Exactly one day after the military coup of 1964, the local army invaded Galiléia and brought cinematic as well as political activity to a halt. Filmmaker, crew, and Elizabeth were able to escape into the wilderness and avoid arrest. Certain that her capture would lead to torture or death, Elizabeth moved to another state, changed her name, and severed all links with people she knew, including her children. Many presumed that she was dead—and, in effect, it was if she were. The footage of the incomplete film was also thought be lost—initially, even by Coutinho. It survived, however, by enduring its own celluloid version of a clandestine life: at one point it was stealthily smuggled into a film archive under a decoy title. Both Elizabeth and the film remained hidden until 1981. Then, due in part to the changing political climate in the country, the filmmaker was finally able to restart the project.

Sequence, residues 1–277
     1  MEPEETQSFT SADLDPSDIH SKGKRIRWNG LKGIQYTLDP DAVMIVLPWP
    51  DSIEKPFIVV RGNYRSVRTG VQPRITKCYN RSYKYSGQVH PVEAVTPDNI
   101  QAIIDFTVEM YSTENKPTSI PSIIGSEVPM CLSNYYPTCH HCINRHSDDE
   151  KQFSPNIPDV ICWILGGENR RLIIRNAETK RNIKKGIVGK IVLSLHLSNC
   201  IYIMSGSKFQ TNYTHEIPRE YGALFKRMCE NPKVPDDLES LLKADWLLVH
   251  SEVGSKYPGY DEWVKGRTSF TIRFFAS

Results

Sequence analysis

Combining scenes from the 1964 shooting, archival footage from that period, and 1981 conversations with the film’s original participants, the final Cabra marcado amounts to an extraordinary confluence of historic events. The legendary, long-lost film is unearthed and brought to conclusion. The frustrated Coutinho, who had been haunted by his incomplete project, not only completes it but also asserts himself as a top- tier filmmaker. Moreover, due to a fortuitous coincidence, Elizabeth’s whereabouts are discovered by one of her sons just as Coutinho is in the process of making the film. As a result, she publicly reclaims her name and history in front of Coutinho’s cameras. While the original project was inspired by a death, the final one enables and interweaves multiple returns to life. It is as if the freeze brought about by the 1964 coup has finally thawed so that history could be remembered, retold, and animated anew. Cabra marcado establishes nothing short of a symbiotic relationship between the practices of cinema and life.